What Are the Risk of Kyphoplasty?


Quick Answer

The risks of undergoing kyphoplasty include a rise in the intensity of back pain, infection and complications that include leaking of the cement, according to Johns Hopkins Medicine. Nerve damage during the surgery can cause numbness and weakness in the back.

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Full Answer

Although kyphoplasty is considered to be a safe procedure, it presents similar risks as other surgeries, asserts MedlinePlus. Kyphoplasty is used in the treatment of compression fractures, which often result in severe pain. The patient is given anesthesia before the procedure. During the surgery, the doctor inserts a needle containing a balloon into the spine. The balloon is inflated to correct the position of the spine bones. The doctor injects cement in the spaces created by the inflation of the balloon to keep the vertebrae in place. Patients are usually able to go home the day of the surgery.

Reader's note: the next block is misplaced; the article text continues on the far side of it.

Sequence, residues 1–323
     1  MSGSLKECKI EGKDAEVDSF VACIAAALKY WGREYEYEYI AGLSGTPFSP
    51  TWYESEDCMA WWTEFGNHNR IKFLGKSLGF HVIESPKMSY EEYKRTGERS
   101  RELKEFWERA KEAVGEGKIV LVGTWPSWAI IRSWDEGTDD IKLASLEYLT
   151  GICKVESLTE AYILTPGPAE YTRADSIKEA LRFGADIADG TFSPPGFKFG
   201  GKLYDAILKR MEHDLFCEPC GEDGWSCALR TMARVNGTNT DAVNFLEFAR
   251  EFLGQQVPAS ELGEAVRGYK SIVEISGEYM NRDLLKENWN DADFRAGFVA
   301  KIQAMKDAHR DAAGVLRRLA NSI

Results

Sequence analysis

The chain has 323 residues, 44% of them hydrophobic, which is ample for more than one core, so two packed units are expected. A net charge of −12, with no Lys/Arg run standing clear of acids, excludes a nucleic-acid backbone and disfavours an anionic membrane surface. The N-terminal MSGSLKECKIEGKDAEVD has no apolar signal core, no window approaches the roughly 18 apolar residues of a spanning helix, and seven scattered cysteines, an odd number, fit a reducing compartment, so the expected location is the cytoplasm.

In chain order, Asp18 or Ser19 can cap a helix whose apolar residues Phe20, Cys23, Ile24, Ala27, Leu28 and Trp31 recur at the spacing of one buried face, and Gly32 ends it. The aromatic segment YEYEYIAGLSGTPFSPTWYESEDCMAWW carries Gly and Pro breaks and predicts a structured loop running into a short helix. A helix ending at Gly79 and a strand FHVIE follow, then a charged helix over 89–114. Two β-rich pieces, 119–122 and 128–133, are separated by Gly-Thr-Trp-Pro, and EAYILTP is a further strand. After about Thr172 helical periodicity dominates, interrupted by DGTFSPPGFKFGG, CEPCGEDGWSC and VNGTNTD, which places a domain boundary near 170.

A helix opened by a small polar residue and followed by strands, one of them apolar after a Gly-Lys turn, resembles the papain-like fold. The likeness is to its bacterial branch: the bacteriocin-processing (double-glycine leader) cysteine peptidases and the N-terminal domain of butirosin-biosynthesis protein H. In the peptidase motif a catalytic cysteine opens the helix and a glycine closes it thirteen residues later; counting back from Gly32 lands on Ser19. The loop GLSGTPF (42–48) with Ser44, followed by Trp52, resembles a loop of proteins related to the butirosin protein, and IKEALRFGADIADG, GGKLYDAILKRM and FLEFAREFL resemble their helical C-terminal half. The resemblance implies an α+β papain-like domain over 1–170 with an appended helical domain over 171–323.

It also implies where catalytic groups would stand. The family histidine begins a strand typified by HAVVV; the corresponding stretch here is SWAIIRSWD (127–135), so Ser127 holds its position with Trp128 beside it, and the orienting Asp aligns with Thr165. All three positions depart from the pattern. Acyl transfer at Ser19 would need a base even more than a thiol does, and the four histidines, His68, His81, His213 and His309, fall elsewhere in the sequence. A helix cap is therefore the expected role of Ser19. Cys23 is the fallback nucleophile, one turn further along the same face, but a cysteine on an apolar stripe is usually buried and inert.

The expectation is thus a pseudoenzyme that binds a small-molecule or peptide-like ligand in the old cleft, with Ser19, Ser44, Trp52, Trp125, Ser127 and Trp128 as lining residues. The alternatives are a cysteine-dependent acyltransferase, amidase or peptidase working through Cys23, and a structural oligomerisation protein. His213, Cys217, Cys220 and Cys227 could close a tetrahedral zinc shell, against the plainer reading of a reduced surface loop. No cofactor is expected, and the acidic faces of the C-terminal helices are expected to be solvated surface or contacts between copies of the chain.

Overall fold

Although the effects of kyphoplasty cause some controversy in the medical community, it is recommended for patients with debilitating pain or patients with cancer in the spine, states Johns Hopkins Medicine. Patients with osteoporosis or injured spine bones can benefit from kyphoplasty because the procedure can reduce the amount of pain medications that patients need and allow them to return to most of their day-to-day activities, claims MedlinePlus.

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